The World Dances to a Latin Beat

These artists have brought the melodies and language of our region to the entire planet, making this cheerful music and catchy lyrics into international anthems.

Text: CAROLA REYES  @la_caco
       

Ricky Martin’s Cup of Life

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On February 24, 1999, Madonna interrupted Ricky Martin’s backstage Grammy press conference to congratulate him. More warm wishes followed the next day from the likes of Sting and Luciano Pavarotti. His star-making performance of the hit “La Copa de la Vida” earned a standing ovation from the audience at Los Angeles’s Shrine Auditorium.

But the Puerto Rican singer was already a household name thanks to the favorable reception of the album A medio vivir by the critics and the public alike. He also gained popularity with English-speaking audiences thanks to his role on the ABC soap opera General Hospital and his performance in the Broadway musical Les Misérables. But that night in 1999 was key. It’s considered one of the best performances in Grammy history and served as the catalyst for Martin’s definitive crossover success with “Livin’ la Vida Loca,” the first single off his first English-language album, which debuted on top of the Billboard charts in both English and Spanish that same year. “I will always be incredibly grateful to the Grammys for letting me perform that night. There was definitely a before and after,” Martin said in a 2015 interview with Yahoo Music.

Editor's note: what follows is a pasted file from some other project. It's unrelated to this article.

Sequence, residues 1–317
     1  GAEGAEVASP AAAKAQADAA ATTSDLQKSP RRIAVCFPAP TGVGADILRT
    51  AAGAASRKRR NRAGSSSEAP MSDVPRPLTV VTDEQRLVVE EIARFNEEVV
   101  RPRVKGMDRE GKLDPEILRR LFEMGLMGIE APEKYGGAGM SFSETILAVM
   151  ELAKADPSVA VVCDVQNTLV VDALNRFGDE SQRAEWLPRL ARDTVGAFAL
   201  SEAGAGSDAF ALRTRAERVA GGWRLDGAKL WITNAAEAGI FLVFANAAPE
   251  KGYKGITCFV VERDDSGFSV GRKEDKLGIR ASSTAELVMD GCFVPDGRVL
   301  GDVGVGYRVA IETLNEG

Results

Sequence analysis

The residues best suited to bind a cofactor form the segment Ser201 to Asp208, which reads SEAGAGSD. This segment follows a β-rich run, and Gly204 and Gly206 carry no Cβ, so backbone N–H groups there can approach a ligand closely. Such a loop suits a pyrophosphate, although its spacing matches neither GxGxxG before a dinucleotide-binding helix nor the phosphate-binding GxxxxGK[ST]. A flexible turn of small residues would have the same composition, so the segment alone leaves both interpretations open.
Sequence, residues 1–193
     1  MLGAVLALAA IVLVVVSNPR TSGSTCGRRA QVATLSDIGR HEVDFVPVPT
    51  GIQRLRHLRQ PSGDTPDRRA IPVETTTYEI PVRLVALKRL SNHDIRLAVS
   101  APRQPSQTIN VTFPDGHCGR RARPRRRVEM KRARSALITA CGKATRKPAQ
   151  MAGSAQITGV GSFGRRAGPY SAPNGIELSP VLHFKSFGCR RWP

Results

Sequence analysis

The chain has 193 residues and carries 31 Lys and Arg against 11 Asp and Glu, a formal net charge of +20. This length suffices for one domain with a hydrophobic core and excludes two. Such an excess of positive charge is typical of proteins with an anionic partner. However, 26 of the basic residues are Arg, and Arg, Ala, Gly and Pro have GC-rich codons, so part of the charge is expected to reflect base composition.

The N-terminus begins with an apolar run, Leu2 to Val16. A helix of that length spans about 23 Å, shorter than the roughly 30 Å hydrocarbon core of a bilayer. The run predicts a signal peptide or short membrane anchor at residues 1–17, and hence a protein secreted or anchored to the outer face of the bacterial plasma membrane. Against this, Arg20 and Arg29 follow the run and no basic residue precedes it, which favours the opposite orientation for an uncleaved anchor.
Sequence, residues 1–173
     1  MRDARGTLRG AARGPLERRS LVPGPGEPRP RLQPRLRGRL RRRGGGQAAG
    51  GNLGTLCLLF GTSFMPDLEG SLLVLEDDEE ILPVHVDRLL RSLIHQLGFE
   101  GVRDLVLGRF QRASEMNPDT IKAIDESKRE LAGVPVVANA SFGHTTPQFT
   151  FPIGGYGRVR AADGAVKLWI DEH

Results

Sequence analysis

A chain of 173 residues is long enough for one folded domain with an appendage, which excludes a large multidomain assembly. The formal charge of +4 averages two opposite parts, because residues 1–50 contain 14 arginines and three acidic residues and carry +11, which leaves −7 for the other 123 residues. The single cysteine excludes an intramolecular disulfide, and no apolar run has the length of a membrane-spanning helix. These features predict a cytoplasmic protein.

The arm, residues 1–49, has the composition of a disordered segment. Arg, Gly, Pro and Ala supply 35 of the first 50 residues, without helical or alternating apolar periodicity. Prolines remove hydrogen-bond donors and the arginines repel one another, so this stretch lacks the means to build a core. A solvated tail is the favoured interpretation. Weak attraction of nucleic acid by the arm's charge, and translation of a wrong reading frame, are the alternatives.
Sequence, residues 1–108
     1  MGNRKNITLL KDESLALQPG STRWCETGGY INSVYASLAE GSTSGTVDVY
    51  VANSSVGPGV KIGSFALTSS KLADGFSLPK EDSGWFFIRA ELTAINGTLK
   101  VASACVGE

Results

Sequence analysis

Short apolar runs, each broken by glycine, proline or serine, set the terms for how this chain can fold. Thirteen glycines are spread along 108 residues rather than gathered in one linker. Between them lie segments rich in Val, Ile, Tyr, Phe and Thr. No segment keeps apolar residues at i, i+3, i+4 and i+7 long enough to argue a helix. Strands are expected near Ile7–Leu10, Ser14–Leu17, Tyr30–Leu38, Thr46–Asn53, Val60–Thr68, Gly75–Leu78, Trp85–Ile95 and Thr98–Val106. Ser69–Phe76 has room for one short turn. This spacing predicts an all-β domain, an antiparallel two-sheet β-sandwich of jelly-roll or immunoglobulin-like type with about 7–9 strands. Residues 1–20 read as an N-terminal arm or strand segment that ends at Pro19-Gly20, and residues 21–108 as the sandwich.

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King Romeo

Maybe Romeo Santos takes his status as the “King of the Bachata” a little too seriously: he performs with a golden microphone atop a stand with a base in the shape of a crown. But even his high vocal register is no joke: the numbers prove that Santos – born in the Bronx to a Puerto Rican mother and Dominican father and raised on Latin sounds – really is music royalty.

At four billion views, he outranks Katy Perry, Taylor Swift, and Justin Bieber for YouTube hits. His song “Propuesta indecente” spent 100 weeks on Billboard’s Hot Latin Songs chart, and he has even performed for Barack Obama (posting photos of the two together on Instagram as proof).

His career really took off when he went solo in 2011 after 15 successful years with the quartet Aventura. In 2014, Santos sold out two nights at Yankee Stadium, something even Justin Timberlake hasn’t accomplished. And it’s with good reason: according to an article in The Wall Street Journal, Santos is the most frequently played artist in New York, followed by The Rolling Stones.

 


 

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Queen Celia

In the world of music, there are certain unspoken – and unquestioned – tenets. Michael Jackson is the King of Pop, Elvis Presley is the King of Rock, and Celia Cruz is the Queen of Salsa. A shining star in a genre previously dominated by men, she charmed the world with her energy, cheer, and warmth.